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Indian Reorganization Act


The Indian Reorganization Act (IRA), known also as the Wheeler-Howard Act for the two United States Senators sponsoring the bill, was the first major effort from the U.S. federal government to allow tribes to govern their own affairs. The IRA provided tribal nations with resources to create a written constitution, halted the allotment process, and authorized funds for use by …

Indian Self-Determination Act


In the years following the disastrous policy of Termination, the United States federal government began shifting its energies towards investing in tribal autonomy as a way of managing Indian affairs. Beginning formally with a 1961 Commission on the Rights, Liberties, and Responsibilities of the American Indian concluding that top-down initiatives lacking cooperation with tribal community members are destined for failure, …

Oklahoma Organic Act


By the late-19th century, more settlers than ever flooded into the Indian and Oklahoma Territories. With the first of the land runs occurring in 1889, greater numbers of settlers were staking a claim to “Unoccupied Lands” west of Indian Territory. Amid the increase in white settlement, Congress began discussions about establishing a new territory to encompass the rising population of …

Oklahoma Statehood


Until the mid-1800’s, the region later known as “Oklahoma” was called home by the Quapaw, Caddo, Osage, Waco, Apache, Kiowa, and Comanche peoples, among others. As the United States’ border shifted further west, greater numbers of settlers sought out more “unoccupied” lands in these region beyond America’s eastern boundary. Settlement by non-Indians was later stimulated through Abraham Lincoln’s 1862 Homestead …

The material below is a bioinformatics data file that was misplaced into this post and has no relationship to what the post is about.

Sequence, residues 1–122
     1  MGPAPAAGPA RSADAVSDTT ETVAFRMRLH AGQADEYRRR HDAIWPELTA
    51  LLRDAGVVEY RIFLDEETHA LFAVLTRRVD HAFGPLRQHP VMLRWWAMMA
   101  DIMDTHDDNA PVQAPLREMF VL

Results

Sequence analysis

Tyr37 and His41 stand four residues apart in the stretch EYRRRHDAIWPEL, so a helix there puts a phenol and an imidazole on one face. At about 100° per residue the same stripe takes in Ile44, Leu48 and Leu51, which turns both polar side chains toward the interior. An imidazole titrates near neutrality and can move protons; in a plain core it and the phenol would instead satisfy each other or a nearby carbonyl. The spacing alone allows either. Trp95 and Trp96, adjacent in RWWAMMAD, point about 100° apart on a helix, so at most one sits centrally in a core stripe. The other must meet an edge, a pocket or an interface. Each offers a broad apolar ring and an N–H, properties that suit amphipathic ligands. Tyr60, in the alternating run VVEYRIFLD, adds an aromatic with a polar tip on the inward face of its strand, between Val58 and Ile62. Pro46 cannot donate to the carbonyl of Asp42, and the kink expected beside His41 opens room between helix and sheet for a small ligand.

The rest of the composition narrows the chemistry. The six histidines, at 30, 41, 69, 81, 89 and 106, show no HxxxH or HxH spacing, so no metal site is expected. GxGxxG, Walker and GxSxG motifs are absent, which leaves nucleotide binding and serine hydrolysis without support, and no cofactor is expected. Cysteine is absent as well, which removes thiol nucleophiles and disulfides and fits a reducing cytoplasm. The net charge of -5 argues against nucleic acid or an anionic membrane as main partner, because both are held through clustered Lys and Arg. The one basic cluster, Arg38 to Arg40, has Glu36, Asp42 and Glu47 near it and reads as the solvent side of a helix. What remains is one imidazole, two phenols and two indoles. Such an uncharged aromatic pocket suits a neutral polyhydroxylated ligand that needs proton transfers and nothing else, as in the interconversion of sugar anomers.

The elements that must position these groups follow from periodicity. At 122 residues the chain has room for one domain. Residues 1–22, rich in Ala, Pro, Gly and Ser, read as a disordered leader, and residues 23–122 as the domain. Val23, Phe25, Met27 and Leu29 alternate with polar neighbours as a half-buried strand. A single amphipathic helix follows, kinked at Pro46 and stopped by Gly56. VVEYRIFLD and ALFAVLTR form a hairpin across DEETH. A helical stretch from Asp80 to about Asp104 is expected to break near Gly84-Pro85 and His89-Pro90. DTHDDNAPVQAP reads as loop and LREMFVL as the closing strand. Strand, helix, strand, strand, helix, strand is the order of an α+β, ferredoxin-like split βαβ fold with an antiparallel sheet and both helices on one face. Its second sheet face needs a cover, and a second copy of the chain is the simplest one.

Termination Era


As Indian nations utilized the resources made available through the Indian Reorganization Act (IRA) to restructure their governments, opponents to Indian self-determination pushed back in the wake of the Second World War. With the 1946 departure of John Collier and Harold Ickes from the Bureau of Indian Affairs (BIA) and as Secretary of the Interior respectively, both staunch supporters of …

Trail of Death


In early September 1838, General John Tipton called for a council of Potawatomi leaders at Menominee’s village near Twin Lakes in Indiana to discuss the issue of removal. In reality, the General had no intention of talking about removal. He had been assigned the task of removing Indiana’s remaining Potawatomi population by Governor David Wallace who believed the Potawatomi couldn’t …

Treaty with the Chippewa, Etc. [1833]


The contested treaty of Prairie du Chien, Wisconsin was contracted between the United States and the United Nations of Chippewa, Ottawa and Potawatomi Indians. With the cession of two large tracts of land in northern Illinois and southwestern Wisconsin, the tribes were to receive sixteen thousand dollars and fifty barrels of salt, annually, forever as well as twelve thousand dollars …

Treaty with the Potawatomi [1815]


On July 18, 1815, the Potawatomi entered into a treaty with the United States at Portage des Sioux, Missouri. The treaty was a means to affirm previous compacts and ultimately draw peace between the Potawatomi Nation and the United States, resulting from the depredations caused and faced by both sides during the War of 1812.

Treaty with the Potawatomi [1861]


On Nov. 15, 1861, eight designated “chiefs” and more than seventy other members of the Potawatomi Nation met with federal agents to sign a treaty that would forever alter their community’s relationship with other Potawatomi and the U.S. government. The 1861 treaty initiated the process for acquiring fee-simple land allotments and U.S. citizenship for almost two-thirds of its members. This …

Treaty with the Potawatomi [1867]


On February 27, 1861, the Citizen Potawatomi entered into a treaty with the United States that established a new reservation for the Tribe in Indian Territory. Drafted to alleviate pressures the Citizen Potawatomi were facing following the Treaty of 1861 and subsequent allotment of reservation lands in Kansas, the new 1867 treaty stipulated that those who would move south were …